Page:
Lenin would not be a revolutionary. It was Sasha’s hangover that changed everything. He thought his brother should feel that what he was doing was right, and that he could not act differently. “If that is the case, I need to understand the path that the future dictator has taken, and the impact of the ideas that inspired him to become Lenin,” Gauthier said.

Overall, he said, the Six Tyrants became who they were by a toxic combination of factors that did not necessarily include trauma, even though Hitler, Stalin and Mao each had abusive fathers. Instead, the greatest influence on their early lives was “ideas born of a good education, exposure to books, and exposure to the influence of intellectuals from a young age.”

Adolf Hitler as a corporal in the German army in 1916 (AP Photo)

Later in life, it helped them embrace ideologies such as communism and fascism, with little interest in the massacre that followed. Although young Volodya mourned over his brother, the adult Lenin did not sympathize with the victims of the Russian Revolution.

Similarly, the teenager Hitler cared for his mother when she died of breast cancer and was appreciated by her Jewish doctor, Eduard Bloch. Decades later, in 1941, the doctor obtained permission to emigrate from the Third Reich. However, Bloch is quoted as saying how rare it was for a Jew in Nazi Germany.

Gauthier remembers a professor who asked him, “Brandon, who cares about the fact that Hitler loved his mother, that he had moments of sympathy before the ghost of the Holocaust?” “Shouldn’t we talk about victims of the Holocaust instead of young Hitler?”

“I thought about it a lot while I was writing the book,” Gauthier said. “If we try to prevent crimes against humanity because we care deeply about the suffering of the victims … we need to go back to the roots and find the people in the story, looking for an explanation for the evil.”

“We never definitively understand what we are essentially seeing,” he added.

What can we gain by digging up the childhood of dictators?

Co-scientists have mixed reactions to this approach.

“In terms of methodology, it depends not only on empathy, but on efforts to understand or find patterns,” Thomas Bigelow-Kaplan, director of the Center for the Study of Judaism, Holocaust and Peace, told the Appalachian University.

Kaplan asked how he “would convey the language of the book to readers, who might misunderstand the idea of ​​portraying dictators like Stalin, Hitler, Mussolini – and many people would be quick to add Putin.” There are all kinds of problems, flaws and warnings of evil that need to be understood. ”

Florent Briard, a Holocaust historian at the Paris-based École Normale Supérieure des Sciences Sociales in Paris who was part of a team of 17 people who translated a new edition of Mein Kampf, wondered how much could have come from Hitler’s younger days, as she struggles as an artist.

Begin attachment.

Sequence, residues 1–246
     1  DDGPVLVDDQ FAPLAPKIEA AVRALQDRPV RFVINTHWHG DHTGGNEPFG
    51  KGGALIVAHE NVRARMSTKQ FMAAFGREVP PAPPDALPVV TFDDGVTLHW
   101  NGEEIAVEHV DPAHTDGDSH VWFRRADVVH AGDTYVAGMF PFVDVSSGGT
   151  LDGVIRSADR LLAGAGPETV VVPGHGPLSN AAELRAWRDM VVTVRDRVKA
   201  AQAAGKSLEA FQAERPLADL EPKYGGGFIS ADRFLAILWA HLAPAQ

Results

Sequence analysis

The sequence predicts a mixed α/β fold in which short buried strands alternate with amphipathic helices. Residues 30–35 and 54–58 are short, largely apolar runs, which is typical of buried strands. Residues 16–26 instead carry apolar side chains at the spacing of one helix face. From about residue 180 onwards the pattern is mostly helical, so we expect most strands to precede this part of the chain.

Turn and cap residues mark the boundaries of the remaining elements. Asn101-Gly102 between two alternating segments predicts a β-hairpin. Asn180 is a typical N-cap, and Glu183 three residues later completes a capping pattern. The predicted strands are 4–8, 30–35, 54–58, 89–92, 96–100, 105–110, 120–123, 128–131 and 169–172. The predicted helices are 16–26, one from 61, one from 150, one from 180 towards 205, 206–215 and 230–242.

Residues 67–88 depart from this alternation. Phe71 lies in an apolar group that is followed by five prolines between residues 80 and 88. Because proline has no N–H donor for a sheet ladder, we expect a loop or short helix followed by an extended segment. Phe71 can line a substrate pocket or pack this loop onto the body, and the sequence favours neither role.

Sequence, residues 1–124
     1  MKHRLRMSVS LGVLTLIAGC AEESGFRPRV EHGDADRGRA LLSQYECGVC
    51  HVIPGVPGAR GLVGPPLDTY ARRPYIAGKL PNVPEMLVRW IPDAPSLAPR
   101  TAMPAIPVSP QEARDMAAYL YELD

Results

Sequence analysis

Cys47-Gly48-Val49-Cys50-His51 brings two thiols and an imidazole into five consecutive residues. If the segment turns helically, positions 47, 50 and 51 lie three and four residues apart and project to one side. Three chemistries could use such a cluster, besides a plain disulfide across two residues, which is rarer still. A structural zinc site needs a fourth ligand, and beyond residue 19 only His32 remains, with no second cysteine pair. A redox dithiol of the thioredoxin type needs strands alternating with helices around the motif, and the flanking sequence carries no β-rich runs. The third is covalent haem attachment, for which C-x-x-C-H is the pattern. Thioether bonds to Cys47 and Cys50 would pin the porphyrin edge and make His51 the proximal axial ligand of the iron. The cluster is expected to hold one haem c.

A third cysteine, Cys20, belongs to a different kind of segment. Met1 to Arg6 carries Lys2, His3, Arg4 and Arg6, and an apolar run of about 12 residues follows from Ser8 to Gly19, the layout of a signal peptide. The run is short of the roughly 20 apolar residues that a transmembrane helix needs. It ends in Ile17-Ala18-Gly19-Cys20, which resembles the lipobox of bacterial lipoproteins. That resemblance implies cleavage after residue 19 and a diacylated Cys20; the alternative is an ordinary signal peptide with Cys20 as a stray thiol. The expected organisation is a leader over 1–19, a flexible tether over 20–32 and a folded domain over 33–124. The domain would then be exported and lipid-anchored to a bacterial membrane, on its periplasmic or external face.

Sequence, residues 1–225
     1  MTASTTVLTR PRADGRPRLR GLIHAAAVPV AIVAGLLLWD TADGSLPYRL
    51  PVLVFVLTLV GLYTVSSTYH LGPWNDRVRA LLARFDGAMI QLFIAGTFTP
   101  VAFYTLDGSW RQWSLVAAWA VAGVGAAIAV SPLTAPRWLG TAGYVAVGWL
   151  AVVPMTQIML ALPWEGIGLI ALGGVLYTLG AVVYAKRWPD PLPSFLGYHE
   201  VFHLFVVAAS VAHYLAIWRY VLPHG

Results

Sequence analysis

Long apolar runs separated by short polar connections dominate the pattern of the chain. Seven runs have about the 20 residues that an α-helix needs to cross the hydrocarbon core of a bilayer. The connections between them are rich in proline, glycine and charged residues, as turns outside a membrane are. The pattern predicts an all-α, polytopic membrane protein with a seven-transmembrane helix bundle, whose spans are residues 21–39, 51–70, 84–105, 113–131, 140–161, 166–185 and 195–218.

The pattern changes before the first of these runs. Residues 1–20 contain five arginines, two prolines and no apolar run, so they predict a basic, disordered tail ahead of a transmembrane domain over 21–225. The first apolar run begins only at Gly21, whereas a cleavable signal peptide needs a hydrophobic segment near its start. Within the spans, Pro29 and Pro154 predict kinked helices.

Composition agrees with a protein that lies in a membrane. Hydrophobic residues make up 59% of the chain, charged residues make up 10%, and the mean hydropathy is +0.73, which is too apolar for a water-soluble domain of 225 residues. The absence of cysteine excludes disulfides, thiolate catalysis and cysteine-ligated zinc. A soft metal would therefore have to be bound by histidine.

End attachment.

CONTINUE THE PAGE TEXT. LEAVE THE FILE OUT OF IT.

“Before Evil” by Brandon Gauthier. (With permission)

“From that period we can draw no conclusions about what he would become, not even about his position as a political leader, which he later became after 1933,” Briard said.

Ironically, Hitler considered his younger years important enough to require plastic surgery. In “Mein Kampf” he claims to have encountered an Orthodox Jew in Linz before the First World War.

Briard described it as detailed but erroneous: “Historians have shown that anti-Semitism after the war, the First World War, in 1918, 1919, and not before … Anti-Semitism was not an integral part of the family tradition or his early personality. “

“Most of Hitler’s biographies admit that he was grateful for the Jewish doctor who cared for his mother,” said Eric Korlander, professor of history at Stetson University and author of “Hitler’s Monsters: A Supernatural History of the Third Reich.” said.

“There are all sorts of strange and contradictory things that need to be investigated. I do not know if it is human. “Recognizing the historical, psychological and social complexity of dictators’ childhoods is not uncommon or a problem,” Kurlander said.

“Many biographies of Stalin, Mao and Castro ‘forgot’ or looked at the complexity of these individuals before they did evil,” he said. “There are obvious reasons why it is dangerous to do so if you do not do it responsibly.”

Conversely, he referred to the “benefit of humanization” – it “shows people that anyone, people who look a lot like people you may know, can become dictators, or people who do evil things.”

For Gauthier, however, he thought more after learning about the reading habits of the young Mussolini.

“I think Mussolini is in love with Victor Hugo,” Gauthier recalls. “I took the time to go back and read Les Miserables. It was exceptional. ” He suggested that Mussolini’s father bring his message of help to the poor: “His father said, you have an obligation to make things right, an obligation to do something … I thought about the effect of such words on the young man. “

Is the message not to make teens read Victor Hugo? no. “Hugo’s work has often inspired young people to make the world a better place,” he said. However, he is tormented by a frequent question: “How can things go so terribly, terribly wrong?”

Leave a Comment